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Inheritance of Dicamba Resistance in Wild Mustard (Brassica Kaber)
Marie Jasieniuk, Ian N. Morrison and Anita L. Brûlé-Babel
Vol. 43, No. 2 (Apr. - Jun., 1995), pp. 192-195
Stable URL: http://www.jstor.org/stable/4045482
Page Count: 4
You can always find the topics here!Topics: Herbicide resistance, Plants, Mustards, Genetic inheritance, Hybridity, Phenotypes, Genetic mutation, Weed control, Herbicides, Flower buds
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The inheritance of resistance to dicamba in wild mustard was determined by making reciprocal crosses between a resistant (R) population derived from a field treated repeatedly with auxin-type herbicides, and a known susceptible (S) population. The resulting F₁ hybrids were selfed to produce F₂ populations and backcrossed to the S parent. At the three- to four-leaf stage, parental, F₁, F₂, and backcross populations were screened for resistance to dicamba at three dosages (50, 200, and 400 g ai ha⁻¹). F₁ progeny survived all dosages and exhibited levels of injury similar to the R parental population. F₂ populations segregated in a 3:1 ratio of R to S phenotypes. Progeny of backcrosses segregated in a 1:1 (R:S) ratio. Responses of the F₁, F₂, and backcross populations to treatment with dicamba indicate that resistance is determined by a single, completely dominant nuclear allele.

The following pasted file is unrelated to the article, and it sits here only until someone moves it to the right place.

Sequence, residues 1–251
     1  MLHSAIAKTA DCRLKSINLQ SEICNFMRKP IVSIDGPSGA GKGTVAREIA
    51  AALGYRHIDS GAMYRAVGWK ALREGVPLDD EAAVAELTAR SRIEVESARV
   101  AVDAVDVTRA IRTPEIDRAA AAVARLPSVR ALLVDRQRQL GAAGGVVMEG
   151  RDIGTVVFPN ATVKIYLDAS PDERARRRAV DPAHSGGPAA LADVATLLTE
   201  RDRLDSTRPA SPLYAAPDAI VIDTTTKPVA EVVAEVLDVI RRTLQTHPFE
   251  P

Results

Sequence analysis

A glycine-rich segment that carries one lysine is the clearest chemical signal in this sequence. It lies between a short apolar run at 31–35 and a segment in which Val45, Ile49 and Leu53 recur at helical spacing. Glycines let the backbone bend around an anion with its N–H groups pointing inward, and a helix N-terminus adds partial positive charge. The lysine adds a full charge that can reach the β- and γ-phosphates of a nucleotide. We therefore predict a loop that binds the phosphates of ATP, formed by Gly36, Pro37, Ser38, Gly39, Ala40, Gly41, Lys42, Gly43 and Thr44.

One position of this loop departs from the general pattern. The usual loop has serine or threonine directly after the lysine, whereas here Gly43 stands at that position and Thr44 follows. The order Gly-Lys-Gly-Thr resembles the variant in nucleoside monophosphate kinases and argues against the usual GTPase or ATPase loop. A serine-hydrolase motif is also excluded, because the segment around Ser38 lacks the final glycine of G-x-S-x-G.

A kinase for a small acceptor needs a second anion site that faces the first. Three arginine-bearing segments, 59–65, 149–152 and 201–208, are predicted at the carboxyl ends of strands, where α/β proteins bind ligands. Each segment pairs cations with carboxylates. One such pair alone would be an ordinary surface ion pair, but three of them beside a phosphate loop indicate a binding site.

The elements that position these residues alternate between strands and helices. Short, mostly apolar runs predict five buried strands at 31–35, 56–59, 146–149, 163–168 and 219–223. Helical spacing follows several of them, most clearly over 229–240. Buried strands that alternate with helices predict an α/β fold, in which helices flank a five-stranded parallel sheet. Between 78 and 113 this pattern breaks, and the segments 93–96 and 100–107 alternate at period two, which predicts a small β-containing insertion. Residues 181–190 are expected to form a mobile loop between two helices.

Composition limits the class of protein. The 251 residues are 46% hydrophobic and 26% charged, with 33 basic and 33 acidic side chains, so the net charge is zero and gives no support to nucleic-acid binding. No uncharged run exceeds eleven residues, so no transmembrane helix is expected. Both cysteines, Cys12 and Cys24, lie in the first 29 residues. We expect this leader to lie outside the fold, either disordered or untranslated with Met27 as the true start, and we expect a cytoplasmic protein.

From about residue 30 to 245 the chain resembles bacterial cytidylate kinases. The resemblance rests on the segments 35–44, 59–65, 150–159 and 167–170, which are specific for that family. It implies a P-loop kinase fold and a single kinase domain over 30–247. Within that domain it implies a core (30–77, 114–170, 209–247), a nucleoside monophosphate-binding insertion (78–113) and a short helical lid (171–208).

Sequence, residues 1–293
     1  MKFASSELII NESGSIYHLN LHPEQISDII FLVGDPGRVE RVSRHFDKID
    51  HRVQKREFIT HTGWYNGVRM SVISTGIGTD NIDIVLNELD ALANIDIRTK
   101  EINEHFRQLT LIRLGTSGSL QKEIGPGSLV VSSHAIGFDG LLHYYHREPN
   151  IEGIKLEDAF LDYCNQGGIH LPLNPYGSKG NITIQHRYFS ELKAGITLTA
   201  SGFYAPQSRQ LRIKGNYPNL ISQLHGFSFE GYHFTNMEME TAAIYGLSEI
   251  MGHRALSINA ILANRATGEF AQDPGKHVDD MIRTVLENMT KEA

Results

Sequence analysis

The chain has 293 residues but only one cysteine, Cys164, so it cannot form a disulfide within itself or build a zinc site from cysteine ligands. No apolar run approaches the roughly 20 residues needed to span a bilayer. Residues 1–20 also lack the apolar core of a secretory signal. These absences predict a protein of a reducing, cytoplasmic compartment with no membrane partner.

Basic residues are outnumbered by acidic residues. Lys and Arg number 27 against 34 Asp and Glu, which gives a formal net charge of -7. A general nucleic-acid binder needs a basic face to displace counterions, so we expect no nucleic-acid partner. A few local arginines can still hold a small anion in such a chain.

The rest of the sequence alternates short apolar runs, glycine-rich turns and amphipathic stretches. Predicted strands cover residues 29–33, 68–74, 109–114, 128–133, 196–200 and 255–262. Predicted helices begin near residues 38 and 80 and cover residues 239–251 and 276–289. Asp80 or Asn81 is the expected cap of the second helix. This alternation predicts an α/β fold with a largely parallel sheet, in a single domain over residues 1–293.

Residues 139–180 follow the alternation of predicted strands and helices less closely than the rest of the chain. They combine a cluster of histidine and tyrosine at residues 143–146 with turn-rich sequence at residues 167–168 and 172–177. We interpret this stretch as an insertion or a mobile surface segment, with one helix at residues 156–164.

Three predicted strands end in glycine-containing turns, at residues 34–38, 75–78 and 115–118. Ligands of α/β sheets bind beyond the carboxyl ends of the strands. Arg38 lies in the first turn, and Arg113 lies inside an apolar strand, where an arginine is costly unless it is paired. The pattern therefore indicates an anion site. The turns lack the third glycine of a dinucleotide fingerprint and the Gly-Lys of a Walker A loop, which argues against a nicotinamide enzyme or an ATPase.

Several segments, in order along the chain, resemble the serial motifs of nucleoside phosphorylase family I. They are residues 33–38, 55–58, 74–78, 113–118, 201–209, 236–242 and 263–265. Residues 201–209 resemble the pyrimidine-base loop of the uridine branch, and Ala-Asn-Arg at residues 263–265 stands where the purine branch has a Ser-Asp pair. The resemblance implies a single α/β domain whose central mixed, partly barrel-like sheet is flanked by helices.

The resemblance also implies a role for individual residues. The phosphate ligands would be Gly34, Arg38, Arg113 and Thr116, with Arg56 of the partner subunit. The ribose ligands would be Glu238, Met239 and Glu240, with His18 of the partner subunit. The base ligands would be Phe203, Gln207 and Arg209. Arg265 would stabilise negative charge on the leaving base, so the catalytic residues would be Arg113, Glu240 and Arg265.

Weed Science © 1995 Weed Science Society of America